On January 6th, 1958, the patent was granted for the Gibson Flying V, changing rock history forever. But upon its debut later that year, the guitar was a failure. According to Gibson, only 81 Flying V’s shipped in 1958, with 17 shipping in 1959. They were then phased out of production until 1966, when the Kinks’ Dave Davies,who’d bought one at a shop for only $60, popularized the design. Still, only 111 shipped in ’66, and less than that each year until 1970, when it was again discontinued. Jimi Hendrix and Keith Richards eventually led to them being put back in production again in 1975, and they’ve been an iconic instrument ever since.
Metallica guitarist Kirk Hammett played a Flying V on the first five Metallica albums, and spoke to Gibson last year about it.
“My first-ever Gibson was a Gibson Flying V, and I just loved it,” Hammett told Gibson. “I think it’s either a ’78 or ’79 Flying V. I bought it mainly because Michael Schenker had one but also because it had humbucking pickups (the guitar that I had before that had single coil pickups). I was looking for a fuller sound, a sound that I could achieve ‘heavy metal’ with [laughs], so I bought myself the Gibson Flying V and that was my guitar.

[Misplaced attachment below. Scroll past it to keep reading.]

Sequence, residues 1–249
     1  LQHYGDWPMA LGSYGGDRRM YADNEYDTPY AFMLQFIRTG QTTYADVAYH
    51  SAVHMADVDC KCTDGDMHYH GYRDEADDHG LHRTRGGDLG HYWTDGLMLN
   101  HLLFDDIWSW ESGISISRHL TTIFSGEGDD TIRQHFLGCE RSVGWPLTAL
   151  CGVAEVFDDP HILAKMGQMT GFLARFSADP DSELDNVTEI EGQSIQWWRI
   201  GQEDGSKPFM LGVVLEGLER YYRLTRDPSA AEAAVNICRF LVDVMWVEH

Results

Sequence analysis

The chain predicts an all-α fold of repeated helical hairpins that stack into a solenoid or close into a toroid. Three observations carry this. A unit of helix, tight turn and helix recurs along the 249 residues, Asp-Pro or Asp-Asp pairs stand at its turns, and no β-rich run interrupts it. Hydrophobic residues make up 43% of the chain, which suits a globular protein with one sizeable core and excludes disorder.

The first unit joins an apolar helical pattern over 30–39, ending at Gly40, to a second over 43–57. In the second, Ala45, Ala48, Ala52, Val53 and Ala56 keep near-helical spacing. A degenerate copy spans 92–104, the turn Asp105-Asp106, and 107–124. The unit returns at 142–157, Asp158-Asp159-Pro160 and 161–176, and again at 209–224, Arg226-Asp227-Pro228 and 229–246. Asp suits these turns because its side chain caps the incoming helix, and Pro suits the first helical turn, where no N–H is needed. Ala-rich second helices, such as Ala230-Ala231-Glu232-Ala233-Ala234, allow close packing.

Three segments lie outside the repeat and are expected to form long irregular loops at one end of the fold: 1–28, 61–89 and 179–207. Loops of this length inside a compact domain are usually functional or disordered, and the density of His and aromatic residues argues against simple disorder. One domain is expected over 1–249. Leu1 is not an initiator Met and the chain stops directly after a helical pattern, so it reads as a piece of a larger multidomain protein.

“That’s the guitar I played on the first five albums – Kill ’Em All, Ride the Lightning, Master of Puppets …And Justice For All and The Black Album. All those albums have that guitar somewhere. I think I played all of Kill ’Em All on that guitar as well as all of Ride the Lightning. I love Flying Vs. I bought my first Les Paul in 1988. I went on to buy another after that in 1989 and then I just started buying Les Pauls on a regular basis.
It’s hard to imagine metal without the Flying V design. Whether it’s Randy Rhoads’ polka-dotted guitar or Robb Flynn from Machine Head’s custom V, the angular design is synonymous with heavy music, and it’s been patented to do it for 57 years now.
[info via Guitar Aficionado]